Having signed Jonathan Hankins to address the 1-tech defensive tackle, the Dallas Cowboys have seemingly covered all their bases heading into the NFL draft next month. Their recent moves like the trades to acquire Stephon Gilmore and Brandin Cooks, has placed the team in an enviable spot. It would be fair to say Dallas has all of their projected starters currently on the roster and have no major holes.
Then, consider the less newsworthy transactions that are equally as important. The team retained Leighton Vander Esch, who had an excellent 2022 season. They also kept Donovan Wilson who is a Swiss army knife in Dan Quinn’s defense. That makes Dallas a true wild card leading up to the NFL draft.
Currently, the Cowboys sit at the 26th pick. It’s been hotly debated which position the team should target and what are the ramifications for each decision. In the spirit of that hot topic, let’s assess a few of those directions and what they would mean for the team going forward.
Take a running back
Taboo as the prospect of taking a running back in the first round is, it deserves mentioning. Especially, for a team like the Cowboys. It’s very apparent that the Cowboys value the position heavily. Ezekiel Elliott’s $90M contract is a shining example of that. Round one running back vitriol aside, let’s evaluate what would happen if the Cowboys took a running back with their first pick.
The two most common options mentioned at 26, are Jahmyr Gibbs and Bijan Robinson. Gibbs is a fast homerun threat out of the backfield with a skill set not too different than Tony Pollard. When it comes to Bijan Robinson, many fans are clamoring for Robinson to be clad in silver and blue. Robinson is one of the best college players in the nation and the best running back prospect since Saquon Barkley.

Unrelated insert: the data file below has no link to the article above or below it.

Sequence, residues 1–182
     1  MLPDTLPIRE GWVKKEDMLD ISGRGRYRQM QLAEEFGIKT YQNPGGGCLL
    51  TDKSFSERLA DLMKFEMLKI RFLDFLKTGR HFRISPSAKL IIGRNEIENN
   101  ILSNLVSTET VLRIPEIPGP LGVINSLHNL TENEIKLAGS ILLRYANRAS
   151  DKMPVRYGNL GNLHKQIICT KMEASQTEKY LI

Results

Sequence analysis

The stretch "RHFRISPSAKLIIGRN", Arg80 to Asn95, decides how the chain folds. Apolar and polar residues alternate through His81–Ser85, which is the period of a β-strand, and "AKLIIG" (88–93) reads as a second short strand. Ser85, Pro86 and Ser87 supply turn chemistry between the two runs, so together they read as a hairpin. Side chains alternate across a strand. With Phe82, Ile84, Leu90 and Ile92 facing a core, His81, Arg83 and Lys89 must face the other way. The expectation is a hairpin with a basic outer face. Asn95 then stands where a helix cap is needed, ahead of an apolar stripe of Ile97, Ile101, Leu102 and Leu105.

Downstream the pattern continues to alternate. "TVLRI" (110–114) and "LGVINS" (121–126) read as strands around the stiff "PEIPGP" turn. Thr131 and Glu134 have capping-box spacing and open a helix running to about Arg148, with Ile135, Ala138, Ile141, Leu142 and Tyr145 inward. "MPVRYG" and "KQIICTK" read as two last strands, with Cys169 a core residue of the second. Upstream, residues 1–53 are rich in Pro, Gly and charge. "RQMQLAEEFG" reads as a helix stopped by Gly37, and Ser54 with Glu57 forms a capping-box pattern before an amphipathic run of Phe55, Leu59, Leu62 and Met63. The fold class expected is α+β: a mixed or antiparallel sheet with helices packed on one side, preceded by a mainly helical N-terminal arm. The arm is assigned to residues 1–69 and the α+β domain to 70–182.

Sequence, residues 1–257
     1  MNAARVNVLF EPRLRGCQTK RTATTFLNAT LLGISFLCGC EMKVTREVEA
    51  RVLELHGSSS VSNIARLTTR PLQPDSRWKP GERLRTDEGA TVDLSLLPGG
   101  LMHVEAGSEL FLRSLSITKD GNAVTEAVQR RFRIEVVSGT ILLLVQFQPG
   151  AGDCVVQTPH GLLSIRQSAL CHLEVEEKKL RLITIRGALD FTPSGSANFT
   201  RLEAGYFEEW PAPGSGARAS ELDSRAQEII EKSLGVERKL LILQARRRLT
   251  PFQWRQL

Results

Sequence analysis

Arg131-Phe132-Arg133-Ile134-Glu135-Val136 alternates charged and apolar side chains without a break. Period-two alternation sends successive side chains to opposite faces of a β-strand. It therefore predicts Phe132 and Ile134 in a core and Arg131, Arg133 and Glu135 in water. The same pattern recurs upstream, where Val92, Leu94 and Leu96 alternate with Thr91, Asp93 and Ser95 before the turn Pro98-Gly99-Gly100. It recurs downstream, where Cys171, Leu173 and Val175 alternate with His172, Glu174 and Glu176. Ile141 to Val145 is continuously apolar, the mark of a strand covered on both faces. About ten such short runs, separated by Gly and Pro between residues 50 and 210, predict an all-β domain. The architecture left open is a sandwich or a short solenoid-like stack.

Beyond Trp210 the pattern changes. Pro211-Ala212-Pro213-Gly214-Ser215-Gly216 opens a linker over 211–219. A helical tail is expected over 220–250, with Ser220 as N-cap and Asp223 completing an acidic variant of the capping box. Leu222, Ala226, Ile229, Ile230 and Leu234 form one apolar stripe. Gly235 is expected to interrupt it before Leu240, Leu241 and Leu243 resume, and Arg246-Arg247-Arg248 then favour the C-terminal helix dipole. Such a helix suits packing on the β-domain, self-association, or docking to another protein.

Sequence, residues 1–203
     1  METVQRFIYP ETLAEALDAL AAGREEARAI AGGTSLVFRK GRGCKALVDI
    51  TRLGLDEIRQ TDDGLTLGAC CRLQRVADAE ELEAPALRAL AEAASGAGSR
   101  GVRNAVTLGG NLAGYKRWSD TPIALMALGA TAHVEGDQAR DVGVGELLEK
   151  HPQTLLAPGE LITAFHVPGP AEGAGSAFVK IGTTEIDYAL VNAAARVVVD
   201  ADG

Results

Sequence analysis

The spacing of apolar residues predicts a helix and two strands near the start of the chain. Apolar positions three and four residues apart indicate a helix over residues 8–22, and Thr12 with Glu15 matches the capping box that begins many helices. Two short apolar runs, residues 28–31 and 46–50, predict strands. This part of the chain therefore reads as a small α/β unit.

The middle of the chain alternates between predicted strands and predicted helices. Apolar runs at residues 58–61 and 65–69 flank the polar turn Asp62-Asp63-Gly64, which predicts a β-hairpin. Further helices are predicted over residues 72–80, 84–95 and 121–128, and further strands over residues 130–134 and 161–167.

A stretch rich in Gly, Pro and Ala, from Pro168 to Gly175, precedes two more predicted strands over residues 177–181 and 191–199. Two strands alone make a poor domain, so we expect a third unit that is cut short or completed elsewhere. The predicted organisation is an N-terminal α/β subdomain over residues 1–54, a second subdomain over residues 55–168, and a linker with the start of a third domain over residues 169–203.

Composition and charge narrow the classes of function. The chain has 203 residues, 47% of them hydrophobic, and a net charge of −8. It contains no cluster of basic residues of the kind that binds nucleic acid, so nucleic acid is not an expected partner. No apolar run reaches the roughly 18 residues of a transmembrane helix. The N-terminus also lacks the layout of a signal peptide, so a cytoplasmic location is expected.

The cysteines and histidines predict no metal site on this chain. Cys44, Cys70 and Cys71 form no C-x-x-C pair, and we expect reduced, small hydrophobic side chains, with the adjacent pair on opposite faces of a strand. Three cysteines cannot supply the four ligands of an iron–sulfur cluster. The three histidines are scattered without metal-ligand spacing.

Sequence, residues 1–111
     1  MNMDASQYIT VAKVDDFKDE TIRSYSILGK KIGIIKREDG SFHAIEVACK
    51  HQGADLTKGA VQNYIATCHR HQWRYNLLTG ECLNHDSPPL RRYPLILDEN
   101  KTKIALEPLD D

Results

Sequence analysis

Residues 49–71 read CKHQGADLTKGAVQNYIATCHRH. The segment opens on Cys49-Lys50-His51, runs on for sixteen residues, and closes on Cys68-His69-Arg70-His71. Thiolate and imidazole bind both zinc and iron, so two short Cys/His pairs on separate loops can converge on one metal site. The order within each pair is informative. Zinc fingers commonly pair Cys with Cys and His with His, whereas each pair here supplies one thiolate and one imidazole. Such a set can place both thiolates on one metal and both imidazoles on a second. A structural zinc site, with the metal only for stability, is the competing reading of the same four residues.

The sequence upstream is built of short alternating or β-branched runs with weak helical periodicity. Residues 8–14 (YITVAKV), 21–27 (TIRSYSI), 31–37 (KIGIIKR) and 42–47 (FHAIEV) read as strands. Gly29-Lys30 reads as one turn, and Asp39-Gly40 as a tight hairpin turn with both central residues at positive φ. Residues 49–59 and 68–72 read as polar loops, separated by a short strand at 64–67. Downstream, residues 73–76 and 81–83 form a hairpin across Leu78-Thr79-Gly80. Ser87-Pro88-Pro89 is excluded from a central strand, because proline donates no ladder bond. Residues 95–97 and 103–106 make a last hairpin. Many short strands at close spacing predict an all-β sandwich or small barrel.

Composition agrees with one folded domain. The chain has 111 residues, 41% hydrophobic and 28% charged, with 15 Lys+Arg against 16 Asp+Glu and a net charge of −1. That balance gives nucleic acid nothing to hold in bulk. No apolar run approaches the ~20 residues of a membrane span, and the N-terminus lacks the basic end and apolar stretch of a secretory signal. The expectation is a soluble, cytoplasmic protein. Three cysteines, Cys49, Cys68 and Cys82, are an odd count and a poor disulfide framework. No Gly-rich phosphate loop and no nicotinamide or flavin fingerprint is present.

Explosive and exciting as those players may be, taking either of them is a shortsighted selection. First, for either one of them to have sustained success, Dallas needs to fortify their offensive line. Plus, taking a runner early could close the door on Pollard being in the fold beyond this year.
Further, if Bijan Robinson is taken, the team might double down on what they did with Ezekiel Elliott, making him the backbone of the offense and then giving him a second contract, much to the chagrin of many fans. Cynical, sure. However, this team famously said, “We go as Zeke goes”. We should expect that to be the case with the box office numbers a player of Robinson’s caliber will bring with him.
Drafting a cornerback
When it comes to the cornerback class, it’s tricky as to what players will be available when the Cowboys are on the clock. The probable options are Deonte Banks and Emmanuel Forbes. The wishlist candidates are Joey Porter Jr. and Devon Witherspoon. Any one of these options would be a great choice for the Cowboys in the future. All of them are six feet and above, so they have the size the Cowboys covet in boundary cornerbacks. Also, it shouldn’t go unnoticed but there is a lot of uncertainty regarding the Cowboys’ top two corners.